Water Damage Prevention
Five easy ways to avoid water damage
- Replace old water heaters. Water heaters do damage when they get too old and the tank rusts and bursts, allowing water to pour into adjacent rooms. On average, water heaters last 10 to 12 years. Don’t wait for them to fail; replace your tank once a decade. Today’s energy-efficient systems will also be cheaper to operate.
- Switch to stainless steel hoses: Consider replacing standard rubber or plastic hoses with stainless steel-braided or mesh hoses. Worn out hoses with kinks, cracks or bulges need to be replaced immediately.
- Don’t leave dishwashers and washing machines running if you leave the house. If something breaks while a home owner is away, what could have been a small mop-up job often turns into a thousand-gallon mess best left to professionals.
- Check attic air conditioners and swamp coolers. When attic systems fail, water damages everything that lies below. At least once a year, go up to the attic or roof to check these appliances before they wear out. Look for wear and tear and loose connections — particularly if the unit is mounted on the roof and exposed to sun and rain.
- Consider water alarms: Home owners can install water alarms for a quick alert when an appliance isn’t working right. Hooking up the system to an appliance is usually as simple as hooking up a hose to an outdoor faucet.
If you discover a build-up of water on the floor, find standing water in your home or experience severe, sudden and accidental water damage, take steps to begin ventilating and drying out your home immediately.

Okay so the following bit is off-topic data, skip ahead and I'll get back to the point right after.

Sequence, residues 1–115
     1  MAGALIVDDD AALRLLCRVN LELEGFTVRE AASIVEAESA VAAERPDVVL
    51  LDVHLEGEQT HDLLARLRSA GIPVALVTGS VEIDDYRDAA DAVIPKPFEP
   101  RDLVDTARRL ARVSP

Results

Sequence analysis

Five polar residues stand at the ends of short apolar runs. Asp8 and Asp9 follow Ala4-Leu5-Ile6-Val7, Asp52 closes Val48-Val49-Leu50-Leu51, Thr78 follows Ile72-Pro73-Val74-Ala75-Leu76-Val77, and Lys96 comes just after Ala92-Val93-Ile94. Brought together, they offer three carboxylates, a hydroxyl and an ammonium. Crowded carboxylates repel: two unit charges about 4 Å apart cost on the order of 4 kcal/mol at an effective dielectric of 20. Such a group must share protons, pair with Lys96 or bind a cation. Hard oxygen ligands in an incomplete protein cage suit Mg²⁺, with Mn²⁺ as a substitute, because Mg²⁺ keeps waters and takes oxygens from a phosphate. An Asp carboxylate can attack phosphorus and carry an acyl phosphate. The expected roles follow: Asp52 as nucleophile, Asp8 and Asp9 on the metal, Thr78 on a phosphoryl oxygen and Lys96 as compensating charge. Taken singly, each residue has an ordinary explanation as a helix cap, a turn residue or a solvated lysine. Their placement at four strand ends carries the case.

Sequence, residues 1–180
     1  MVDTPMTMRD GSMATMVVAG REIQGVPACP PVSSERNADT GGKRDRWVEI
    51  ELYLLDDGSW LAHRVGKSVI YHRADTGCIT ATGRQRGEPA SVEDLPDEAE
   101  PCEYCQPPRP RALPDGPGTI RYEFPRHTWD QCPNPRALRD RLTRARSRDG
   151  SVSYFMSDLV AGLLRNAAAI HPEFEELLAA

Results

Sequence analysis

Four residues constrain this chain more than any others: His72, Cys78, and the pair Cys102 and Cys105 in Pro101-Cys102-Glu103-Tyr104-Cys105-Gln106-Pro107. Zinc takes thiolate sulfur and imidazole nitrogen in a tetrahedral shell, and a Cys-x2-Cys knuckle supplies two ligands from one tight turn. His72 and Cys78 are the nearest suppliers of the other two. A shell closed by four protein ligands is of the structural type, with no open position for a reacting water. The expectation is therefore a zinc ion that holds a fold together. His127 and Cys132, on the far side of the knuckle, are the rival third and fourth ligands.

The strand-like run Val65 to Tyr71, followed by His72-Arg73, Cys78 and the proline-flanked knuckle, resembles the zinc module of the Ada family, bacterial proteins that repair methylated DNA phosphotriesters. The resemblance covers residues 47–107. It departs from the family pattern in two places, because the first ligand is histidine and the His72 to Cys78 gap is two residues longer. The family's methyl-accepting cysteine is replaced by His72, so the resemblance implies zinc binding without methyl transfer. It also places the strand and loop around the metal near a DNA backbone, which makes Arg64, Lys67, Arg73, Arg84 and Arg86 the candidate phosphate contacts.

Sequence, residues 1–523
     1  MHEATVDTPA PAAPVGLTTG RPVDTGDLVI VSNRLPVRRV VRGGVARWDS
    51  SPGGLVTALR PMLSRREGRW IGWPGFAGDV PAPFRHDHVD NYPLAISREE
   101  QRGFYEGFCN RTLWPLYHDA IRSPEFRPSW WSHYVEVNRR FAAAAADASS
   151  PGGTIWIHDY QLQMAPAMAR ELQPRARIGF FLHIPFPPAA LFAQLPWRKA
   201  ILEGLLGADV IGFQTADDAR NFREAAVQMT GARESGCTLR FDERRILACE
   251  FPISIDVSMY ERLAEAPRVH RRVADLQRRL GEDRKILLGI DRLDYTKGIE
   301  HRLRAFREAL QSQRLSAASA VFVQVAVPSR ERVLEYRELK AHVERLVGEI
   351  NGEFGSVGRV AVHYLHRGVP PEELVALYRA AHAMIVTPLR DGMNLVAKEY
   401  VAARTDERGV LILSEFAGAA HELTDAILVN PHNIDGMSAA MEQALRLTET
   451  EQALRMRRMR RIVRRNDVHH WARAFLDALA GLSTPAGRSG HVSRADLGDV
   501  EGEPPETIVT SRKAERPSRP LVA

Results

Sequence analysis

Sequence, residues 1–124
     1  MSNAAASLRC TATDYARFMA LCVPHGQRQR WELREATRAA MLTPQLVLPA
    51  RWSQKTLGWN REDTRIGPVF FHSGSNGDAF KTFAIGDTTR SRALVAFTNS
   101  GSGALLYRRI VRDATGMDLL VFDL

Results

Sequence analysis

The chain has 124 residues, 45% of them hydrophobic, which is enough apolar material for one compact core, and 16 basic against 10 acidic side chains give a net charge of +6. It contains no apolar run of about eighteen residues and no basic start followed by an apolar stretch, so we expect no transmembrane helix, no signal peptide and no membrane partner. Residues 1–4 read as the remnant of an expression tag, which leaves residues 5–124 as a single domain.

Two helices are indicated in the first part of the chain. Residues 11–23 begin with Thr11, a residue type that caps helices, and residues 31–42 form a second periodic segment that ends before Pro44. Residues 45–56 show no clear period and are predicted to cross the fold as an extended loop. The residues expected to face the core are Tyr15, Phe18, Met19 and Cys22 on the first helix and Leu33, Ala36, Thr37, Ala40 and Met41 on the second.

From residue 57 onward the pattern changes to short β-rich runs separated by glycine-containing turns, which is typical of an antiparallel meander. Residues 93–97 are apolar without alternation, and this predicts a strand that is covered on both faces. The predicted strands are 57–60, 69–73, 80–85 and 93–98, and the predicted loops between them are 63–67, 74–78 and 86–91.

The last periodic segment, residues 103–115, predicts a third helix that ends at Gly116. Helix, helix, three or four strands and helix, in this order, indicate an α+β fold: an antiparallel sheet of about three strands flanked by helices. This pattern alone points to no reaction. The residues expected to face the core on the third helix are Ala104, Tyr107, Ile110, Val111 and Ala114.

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- Shut off the water source, if possible. This should be located outside your home near your utility box.
- Move and manipulate all personal property from the origin of loss and surrounding areas to prevent further damages.
- Protect your dwelling from further damage with temporary, reasonable and necessary repairs, like plywood or plastic covers over roof or wall openings, depending on the type of loss. (STOP THE DRIP)
- Move household items to an undamaged area of your home or cover them with plastic. Mop, blot up or wet vac as much water as possible.
- Don’t leave books, magazines or other colored items on wet carpeting. Remove oriental or other colored throw rugs from wet wall-to-wall carpeting. Remove the pad from under saturated carpets Place wood blocks or aluminum foil between furniture legs and wet carpeting.
- Wipe excess water from wood furniture. Open drawers and cabinets to aid in faster drying. Open windows to speed drying.
- Turn on the air conditioner or fans for maximum drying in hot weather, as long as it’s safe for you to use electricity.
- Make small holes in sagging ceilings to get rid of trapped water. Be sure to put a pan or bucket below to catch the water before you make a hole. And don’t turn on a ceiling fixture if the ceiling is wet – don’t mix water and electricity!
- Remove any insulation that is wet and have it replaced with new, dry insulation.
- If you find or discover MOLD, leave it ALONE and DO NOT TOUCH IT. If possible cover it with plastic and seal all edges to prevent spores from becoming airborne.
- Finally photograph everything as it happens, documentation will prevail.
- Once you have all of this in place a call into your insurance agent informing them of this loss. Be prepared to document your claim number as well if you have the name of your adjuster. This information will be helpful during this process.